Friday, July 22, 2022
Film noir is French for “dark film.” A style of filmmaking characterized by the elements of cynical heroes, stark lighting, flashbacks, intricate plots, and existentialist philosophy. The genre became prevalent in American crime dramas during the post-World War II era, and more so in Foreign films representing a New Wave of filming in the post-Viet Nam era.
I love excellent film noir. One of the finest American examples is Roman Polansky’s “Chinatown,” a great movie. I’ve watched it often, always impacted anew by how successfully it intermixes top-level beauty and underlying decay.
Yesterday, I was considering issues surrounding the water shortages in Central Oregon, where I live, and remembered “Chinatown.” Its story is premised on water shortages in the LA Basin area during the depression era. A detective goes searching for what’s behind water shortages and quickly becomes squarely caught up in the social drama. A great film.
Yesterday, that memory drew me to the Criterion Channel. There, I chose to watch another famous American film noir, by Lawrence Kasdan, “Body Heat,” which he wrote and directed in 1981, several years after “Chinatown” was released. “Body Heat” is a story very different from “Chinatown” but equally impactful.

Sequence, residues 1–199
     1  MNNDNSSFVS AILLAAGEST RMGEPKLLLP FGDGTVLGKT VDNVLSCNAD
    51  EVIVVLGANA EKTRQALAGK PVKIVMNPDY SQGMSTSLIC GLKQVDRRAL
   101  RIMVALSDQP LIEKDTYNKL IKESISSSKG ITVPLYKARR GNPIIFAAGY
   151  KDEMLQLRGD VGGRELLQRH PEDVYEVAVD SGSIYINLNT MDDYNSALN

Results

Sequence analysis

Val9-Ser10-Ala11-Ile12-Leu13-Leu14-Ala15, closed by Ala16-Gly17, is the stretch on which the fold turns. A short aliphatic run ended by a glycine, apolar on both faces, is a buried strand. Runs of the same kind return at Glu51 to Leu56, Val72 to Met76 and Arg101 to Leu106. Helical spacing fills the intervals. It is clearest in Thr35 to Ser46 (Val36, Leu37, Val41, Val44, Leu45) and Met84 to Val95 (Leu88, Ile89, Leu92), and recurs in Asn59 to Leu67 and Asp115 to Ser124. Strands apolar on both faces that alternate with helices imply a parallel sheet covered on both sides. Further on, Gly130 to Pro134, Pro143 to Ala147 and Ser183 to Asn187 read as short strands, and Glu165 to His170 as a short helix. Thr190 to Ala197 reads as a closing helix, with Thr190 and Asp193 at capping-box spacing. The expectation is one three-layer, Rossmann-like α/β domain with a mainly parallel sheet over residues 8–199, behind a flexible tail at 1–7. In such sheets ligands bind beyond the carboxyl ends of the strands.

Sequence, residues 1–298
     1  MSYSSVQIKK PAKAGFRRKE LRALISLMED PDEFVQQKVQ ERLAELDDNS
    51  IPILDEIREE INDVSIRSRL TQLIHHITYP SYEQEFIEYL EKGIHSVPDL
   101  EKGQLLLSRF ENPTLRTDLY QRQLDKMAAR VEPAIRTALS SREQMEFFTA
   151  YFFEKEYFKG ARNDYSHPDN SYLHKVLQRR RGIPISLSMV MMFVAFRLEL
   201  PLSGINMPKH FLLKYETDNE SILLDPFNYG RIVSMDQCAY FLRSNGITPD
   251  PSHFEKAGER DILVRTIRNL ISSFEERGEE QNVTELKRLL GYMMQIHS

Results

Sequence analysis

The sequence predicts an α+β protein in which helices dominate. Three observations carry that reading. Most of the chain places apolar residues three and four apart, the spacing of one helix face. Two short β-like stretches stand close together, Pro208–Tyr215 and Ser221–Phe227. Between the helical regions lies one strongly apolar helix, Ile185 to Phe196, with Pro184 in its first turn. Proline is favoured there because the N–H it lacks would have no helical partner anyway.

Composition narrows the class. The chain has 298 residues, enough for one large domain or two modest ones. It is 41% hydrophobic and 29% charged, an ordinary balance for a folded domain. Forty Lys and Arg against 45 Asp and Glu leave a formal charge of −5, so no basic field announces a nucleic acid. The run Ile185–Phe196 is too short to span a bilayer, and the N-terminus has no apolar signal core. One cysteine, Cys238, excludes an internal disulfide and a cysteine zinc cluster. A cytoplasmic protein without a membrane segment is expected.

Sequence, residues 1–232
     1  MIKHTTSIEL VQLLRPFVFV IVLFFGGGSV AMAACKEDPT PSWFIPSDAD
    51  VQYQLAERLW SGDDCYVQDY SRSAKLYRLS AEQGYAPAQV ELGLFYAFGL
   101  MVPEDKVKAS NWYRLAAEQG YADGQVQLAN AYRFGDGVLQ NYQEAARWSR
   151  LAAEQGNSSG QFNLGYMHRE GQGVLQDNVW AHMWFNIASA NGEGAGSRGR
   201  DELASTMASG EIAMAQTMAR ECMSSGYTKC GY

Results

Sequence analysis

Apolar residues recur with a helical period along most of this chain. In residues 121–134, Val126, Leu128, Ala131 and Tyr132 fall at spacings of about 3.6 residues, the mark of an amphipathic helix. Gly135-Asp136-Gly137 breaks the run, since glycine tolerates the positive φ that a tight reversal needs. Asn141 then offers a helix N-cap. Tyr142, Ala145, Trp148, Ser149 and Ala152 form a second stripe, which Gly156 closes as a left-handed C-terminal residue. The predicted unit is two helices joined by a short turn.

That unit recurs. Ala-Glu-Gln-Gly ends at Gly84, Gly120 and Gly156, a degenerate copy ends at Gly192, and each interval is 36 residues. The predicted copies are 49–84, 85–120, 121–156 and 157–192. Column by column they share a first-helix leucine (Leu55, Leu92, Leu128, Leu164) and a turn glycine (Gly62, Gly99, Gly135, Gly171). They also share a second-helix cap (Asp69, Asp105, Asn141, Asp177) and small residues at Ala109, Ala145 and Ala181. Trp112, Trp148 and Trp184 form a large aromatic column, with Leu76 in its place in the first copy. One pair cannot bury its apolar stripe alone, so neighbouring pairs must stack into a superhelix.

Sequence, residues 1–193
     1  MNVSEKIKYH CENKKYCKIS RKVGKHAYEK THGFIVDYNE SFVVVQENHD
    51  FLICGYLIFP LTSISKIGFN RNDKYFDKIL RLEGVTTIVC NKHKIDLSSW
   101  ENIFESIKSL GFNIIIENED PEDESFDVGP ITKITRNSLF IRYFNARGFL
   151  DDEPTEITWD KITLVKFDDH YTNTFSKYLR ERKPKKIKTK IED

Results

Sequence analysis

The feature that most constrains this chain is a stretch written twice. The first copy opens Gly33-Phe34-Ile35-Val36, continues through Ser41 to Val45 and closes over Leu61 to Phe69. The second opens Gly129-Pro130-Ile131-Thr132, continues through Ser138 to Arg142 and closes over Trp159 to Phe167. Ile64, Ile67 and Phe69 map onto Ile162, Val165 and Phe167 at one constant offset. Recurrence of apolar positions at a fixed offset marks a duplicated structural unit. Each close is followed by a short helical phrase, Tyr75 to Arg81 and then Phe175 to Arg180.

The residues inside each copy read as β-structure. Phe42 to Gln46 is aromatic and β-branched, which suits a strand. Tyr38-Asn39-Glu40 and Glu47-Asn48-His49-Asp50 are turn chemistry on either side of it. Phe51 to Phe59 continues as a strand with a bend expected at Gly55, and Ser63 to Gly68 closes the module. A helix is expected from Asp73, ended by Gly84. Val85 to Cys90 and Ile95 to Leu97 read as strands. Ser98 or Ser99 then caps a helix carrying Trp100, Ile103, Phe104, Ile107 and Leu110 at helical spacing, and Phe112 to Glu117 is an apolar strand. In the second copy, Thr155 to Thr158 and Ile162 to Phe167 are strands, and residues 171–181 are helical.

I find that both represent to perfection, filmmaking art and high-impact viewing. I remember during the eighties seeing and liking “Body Heat.” Now, seeing it again through eyes more experienced with film styles, I’m elevating “Body Heat” to film art that’s equal to “Chinatown.”
It’s fun to consider how real-time water shortage problems triggered an old movie memory. The power of art drew me to tap an associated movie memory and update my sensitivities.
Dear Friends: Fine art is a successful interweaving of reality and escapism. Diana